This is what you should do with your idea for making transit better.

Ever been walking, biking or using transit in Miami and found yourself thinking, “If only we could just fix this one little thing, this would be a million times better?”

The Transportation QuickBuild Program is here to help make some of those little fixes with big impacts happen.

New York-based nonprofit Transit Center Agency has handed $150,000 to Miami-based nonprofit Green Mobility Network to carry out the program with support from the Miami-Dade Department of Transportation and Public Works. They’re asking citizens to pitch their ideas. Then they’ll choose the winners, give them a budget, and help make the ideas a reality. They’re taking pitches through May.

It’s pretty open-ended, but there are four key criteria for a good project: it’s pretty narrow in scope, it doesn’t take an insane amount of cash, and it can be completed in a couple days – ideally by a handful of people with materials that could be picked up at a local Home Depot. It should also be connected to transit in some way, whether direct improvements to it or something that will make people more likely to use transit.

This small input, large payoff concept is called tactical urbanism and it’s pretty much the hottest idea in urban planning right now, both in Miami and across the U.S. You’ve seen it before: Biscayne Green and the Ludlam Trail are good examples. It got its start right here in Miami, with Tony Garcia, the principal of local urban planning firm Street Plans Collaborative.

We first wrote about tactical urbanism last year:

Garcia and his colleague Mike Lydon got to thinking about quick, low-cost, often short term changes that could skip much of the bureaucracy that confronts bigger urban projects. They were not the first to think this way, but they’re pretty well acknowledged as the ones who gave the concept a name – “tactical urbanism.” They penned four open-source guides and a book on the concept, helping to spread the idea across the world.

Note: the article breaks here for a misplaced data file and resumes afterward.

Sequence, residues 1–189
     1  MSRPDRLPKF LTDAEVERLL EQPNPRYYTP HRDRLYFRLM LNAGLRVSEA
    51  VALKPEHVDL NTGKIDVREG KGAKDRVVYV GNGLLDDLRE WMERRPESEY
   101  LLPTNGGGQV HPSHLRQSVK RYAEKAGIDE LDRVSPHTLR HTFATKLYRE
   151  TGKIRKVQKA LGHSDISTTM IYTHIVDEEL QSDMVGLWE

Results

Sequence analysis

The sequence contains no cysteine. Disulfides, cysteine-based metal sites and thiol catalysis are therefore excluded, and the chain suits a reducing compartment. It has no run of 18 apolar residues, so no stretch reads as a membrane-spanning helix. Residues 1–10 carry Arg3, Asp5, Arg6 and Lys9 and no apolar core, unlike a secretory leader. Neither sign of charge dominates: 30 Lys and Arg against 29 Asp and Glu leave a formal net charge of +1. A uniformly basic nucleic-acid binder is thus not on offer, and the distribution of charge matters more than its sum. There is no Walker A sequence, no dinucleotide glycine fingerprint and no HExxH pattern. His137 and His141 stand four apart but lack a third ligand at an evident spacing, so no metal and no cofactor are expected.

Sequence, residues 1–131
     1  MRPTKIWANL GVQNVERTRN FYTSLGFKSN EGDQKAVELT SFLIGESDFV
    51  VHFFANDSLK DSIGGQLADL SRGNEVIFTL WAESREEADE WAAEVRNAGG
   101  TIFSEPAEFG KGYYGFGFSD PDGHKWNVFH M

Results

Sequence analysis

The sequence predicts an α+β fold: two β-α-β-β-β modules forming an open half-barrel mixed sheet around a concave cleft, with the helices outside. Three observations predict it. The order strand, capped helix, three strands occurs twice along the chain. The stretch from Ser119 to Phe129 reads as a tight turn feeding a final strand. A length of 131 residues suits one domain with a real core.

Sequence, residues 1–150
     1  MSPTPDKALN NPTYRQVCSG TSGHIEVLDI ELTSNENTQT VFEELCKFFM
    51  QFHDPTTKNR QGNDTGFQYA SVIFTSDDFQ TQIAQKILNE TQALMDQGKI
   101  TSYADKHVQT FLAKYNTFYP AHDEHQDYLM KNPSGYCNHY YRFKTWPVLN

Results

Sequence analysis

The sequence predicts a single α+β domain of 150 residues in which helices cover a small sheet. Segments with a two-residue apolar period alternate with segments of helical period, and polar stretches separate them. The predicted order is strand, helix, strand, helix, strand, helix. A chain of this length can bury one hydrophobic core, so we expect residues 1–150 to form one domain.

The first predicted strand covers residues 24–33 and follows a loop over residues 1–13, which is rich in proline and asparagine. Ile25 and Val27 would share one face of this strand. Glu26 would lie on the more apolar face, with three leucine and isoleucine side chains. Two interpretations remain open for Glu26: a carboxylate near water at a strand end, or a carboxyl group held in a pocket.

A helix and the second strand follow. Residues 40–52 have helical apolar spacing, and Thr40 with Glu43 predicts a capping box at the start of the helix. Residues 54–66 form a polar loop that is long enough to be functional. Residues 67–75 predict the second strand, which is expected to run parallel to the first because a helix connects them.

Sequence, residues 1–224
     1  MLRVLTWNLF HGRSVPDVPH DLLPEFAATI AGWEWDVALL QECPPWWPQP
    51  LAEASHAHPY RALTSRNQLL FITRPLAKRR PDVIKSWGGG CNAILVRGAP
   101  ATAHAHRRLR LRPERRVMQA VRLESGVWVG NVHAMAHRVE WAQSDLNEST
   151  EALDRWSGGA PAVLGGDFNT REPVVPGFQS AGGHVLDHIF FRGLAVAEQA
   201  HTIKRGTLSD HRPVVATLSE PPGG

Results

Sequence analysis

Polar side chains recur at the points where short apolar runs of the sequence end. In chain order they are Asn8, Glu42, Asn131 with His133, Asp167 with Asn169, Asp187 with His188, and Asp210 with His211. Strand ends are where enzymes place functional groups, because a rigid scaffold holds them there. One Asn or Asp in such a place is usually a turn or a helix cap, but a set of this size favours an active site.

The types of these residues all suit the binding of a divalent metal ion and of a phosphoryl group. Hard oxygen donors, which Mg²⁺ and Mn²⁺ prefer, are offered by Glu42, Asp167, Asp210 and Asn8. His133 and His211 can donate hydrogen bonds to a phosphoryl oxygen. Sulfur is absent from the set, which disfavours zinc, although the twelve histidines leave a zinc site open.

Tactical urbanism has a few defining characteristics. It’s cheap, as far as urban planning projects go. It isn’t meant to be permanent. And while ideas often begin with the community, they build on plans already in place (although often never carried out).

You don’t need big bucks developers or huge capital outlays from the government to get them off the ground. The funds required for these projects are small enough that they can be covered by foundations – here in Miami, many of these projects get money from the Miami Foundation, through programs like the Public Space Challenge – crowd-sourcing, or minor outlays from corporations.

Street Plans Collaborative will be a technical consultant on the projects, helping to select the projects and advise them on bringing them to reality. He expects a lot of low-cost pitches like additional crosswalks and traffic calming measures. He hopes to see citizens partnering up with local municipal officials to accelerate already existing ideas.

At the first workshop on the program, a local pitched a series of minor improvements to NW 5th Avenue in Wynwood, like improvements to bus stops and more lighting. Many of these things  are already part of the Wynwood master plan. His partner on the project is a City of Miami official who worked on the plan.

Interested? There are four more workshops where you can learn more:

  • Feb. 21, 6 p.m., South Dade Regional Library
  • March 28, 6 p.m., EcoTech Visions (North Miami)
  • April 5, Kendall (exact time and location TBD)
  • April 6, 6 p.m., Ball & Chain (Little Havana)